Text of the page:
Pakistan has been undergoing a ‘cinematic revival’ of sorts since quite a while now. At least that’s what they are calling it. During the past few years, the mainstream has seen a dynamic shift from the conventional Lollywood-esque films. You’ve had movies like Bol, Manto, Waar, Jawani Phir Nahi Aani, Actor in Law, Ho Mann Jahan and others.
However, while all this is happening our country’s Pashto Cinema or Pollywood has held its own. In fact in many ways, it managed to outdo Urdu films.
Take this year’s Eid for instance
You only had two film releases from the local mainstream. One was Mehrunissa V Lub U while the other was the much hyped Yalghaar that was thrashed by critics. But lets just not get into that. Long story short only two films came out.
Meanwhile, you had five Pashto films that were screened throughout KPK and Karachi. These included Das Khushi Ba Mane, Zakhamoona, Sta Muhabat Me Zindagi da, Giriftaar, and Gule Janaa. Compared to last year’s Eid, Pashto films did better in 2017.
According to industry veteran actor/producer Shahid Khan, Pashto films have been supporting the entire movie industry of Pakistan since quite a while.
Pashto films are not just popular in Peshawar, Mardan, Swat, but they are also screened in Pindi, Karachi and even Afganistan. In fact, in terms of the number of films produced in a year, Pollywood is well ahead. It has managed to overtake Punjabi films which have lost their popularity over the years.
That being said however, Pashto Cinema is facing its own challenges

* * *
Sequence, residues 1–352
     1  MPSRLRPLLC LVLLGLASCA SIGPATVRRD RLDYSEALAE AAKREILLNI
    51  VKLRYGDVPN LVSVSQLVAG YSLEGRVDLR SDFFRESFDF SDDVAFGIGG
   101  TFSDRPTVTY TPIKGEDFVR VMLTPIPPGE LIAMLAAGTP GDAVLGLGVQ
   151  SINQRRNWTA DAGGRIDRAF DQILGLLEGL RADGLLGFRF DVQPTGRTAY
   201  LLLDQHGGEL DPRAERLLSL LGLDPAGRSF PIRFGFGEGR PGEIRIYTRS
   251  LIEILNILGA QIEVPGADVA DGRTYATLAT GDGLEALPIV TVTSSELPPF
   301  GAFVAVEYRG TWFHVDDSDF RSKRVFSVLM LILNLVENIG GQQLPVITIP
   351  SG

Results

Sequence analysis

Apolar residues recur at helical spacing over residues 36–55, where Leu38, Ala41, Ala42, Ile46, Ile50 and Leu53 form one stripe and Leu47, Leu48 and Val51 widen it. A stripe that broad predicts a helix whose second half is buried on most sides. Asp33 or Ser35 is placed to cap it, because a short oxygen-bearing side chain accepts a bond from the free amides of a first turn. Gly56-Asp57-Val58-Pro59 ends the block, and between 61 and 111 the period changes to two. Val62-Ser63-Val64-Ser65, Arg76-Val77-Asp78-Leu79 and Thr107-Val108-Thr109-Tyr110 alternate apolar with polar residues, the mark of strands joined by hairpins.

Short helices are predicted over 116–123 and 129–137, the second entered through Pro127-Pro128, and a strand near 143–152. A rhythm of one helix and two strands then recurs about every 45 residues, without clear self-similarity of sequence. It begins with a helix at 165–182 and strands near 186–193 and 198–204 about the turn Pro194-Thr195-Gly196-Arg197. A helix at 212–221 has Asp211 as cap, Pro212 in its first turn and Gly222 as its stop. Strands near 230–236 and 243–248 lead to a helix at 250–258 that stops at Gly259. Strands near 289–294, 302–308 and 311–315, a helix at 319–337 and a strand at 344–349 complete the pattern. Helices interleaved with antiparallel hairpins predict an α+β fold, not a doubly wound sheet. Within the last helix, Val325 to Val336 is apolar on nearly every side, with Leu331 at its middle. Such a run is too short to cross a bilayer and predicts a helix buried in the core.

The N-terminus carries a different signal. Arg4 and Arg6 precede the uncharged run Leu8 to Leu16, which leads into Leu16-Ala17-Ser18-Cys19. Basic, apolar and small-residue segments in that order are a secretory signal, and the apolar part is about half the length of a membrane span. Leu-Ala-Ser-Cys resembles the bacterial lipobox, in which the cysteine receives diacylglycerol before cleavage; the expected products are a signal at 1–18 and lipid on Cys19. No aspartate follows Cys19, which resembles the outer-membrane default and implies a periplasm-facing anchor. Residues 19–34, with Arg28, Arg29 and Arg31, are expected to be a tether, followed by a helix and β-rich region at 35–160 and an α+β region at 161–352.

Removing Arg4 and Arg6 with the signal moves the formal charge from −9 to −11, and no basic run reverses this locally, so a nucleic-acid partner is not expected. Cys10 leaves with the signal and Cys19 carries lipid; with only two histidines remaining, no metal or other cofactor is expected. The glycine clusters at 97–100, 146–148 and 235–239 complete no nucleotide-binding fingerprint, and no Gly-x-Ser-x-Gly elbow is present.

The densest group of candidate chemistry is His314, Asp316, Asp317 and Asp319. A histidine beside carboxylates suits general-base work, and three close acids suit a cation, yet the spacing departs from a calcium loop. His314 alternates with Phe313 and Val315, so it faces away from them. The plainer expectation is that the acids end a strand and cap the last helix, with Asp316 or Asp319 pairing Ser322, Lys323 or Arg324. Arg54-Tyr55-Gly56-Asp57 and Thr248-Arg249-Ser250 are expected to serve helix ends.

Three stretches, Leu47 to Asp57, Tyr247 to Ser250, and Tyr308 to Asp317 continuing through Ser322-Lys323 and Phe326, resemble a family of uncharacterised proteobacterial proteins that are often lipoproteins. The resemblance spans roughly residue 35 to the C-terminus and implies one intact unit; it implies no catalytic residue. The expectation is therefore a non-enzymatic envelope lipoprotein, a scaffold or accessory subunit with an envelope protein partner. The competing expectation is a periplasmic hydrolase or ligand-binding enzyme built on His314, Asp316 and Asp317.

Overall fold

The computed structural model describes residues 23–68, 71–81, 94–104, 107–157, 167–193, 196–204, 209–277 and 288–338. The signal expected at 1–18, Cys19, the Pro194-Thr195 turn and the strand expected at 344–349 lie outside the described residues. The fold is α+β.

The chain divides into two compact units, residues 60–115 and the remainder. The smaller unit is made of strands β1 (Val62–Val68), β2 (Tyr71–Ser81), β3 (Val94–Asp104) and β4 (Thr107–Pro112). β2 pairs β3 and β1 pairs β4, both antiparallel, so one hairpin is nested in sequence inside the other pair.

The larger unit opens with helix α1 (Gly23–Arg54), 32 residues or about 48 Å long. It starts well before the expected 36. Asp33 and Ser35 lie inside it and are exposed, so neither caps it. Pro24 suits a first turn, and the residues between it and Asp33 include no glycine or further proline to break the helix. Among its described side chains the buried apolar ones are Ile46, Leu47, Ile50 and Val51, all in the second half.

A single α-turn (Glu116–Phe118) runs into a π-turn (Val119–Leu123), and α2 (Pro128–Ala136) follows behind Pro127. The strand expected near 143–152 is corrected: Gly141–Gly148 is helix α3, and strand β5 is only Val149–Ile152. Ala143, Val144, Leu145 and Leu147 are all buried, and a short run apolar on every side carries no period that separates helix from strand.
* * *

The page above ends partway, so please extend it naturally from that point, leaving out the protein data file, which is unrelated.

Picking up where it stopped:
Shahid Khan notes that while in the past you had 25-30 film releases annually, now you have half of that number. A pretty significant drop if you ask me. ‘The industry has taken a big hit after the closure of cinemas in Swat and Mardan” Shahid tells Mangobaaz. “Unless and until the government steps in and does something about it, the entire Pakistani film industry will fall, not just Pashto cinema,” he adds. It’s true that small cinemas have declined in number in the past. The mainstay of Pollywood exclaimed that the incentive to create new films would dwindle if conditions remain the same. As a result of which no new films would come out and the public would have to settle for old ones.
“If small cinemas that screen regional films do not increase in number, Pashto cinema will reach its last breath in the next 2-3 years.”
Another factor that has made it harder for Pollywood to thrive is the deterioration of Pak-Afgan diplomatic ties. Afghanistan has a huge following for Pashto films made in Pakistan and these films are regularly screened in Afghanistan. Due to tensions between both the countries, Afghanistan has stopped importing newly released films from Pakistan. Old films, however, are still shown in Afghan cinemas.
What’s your take on this?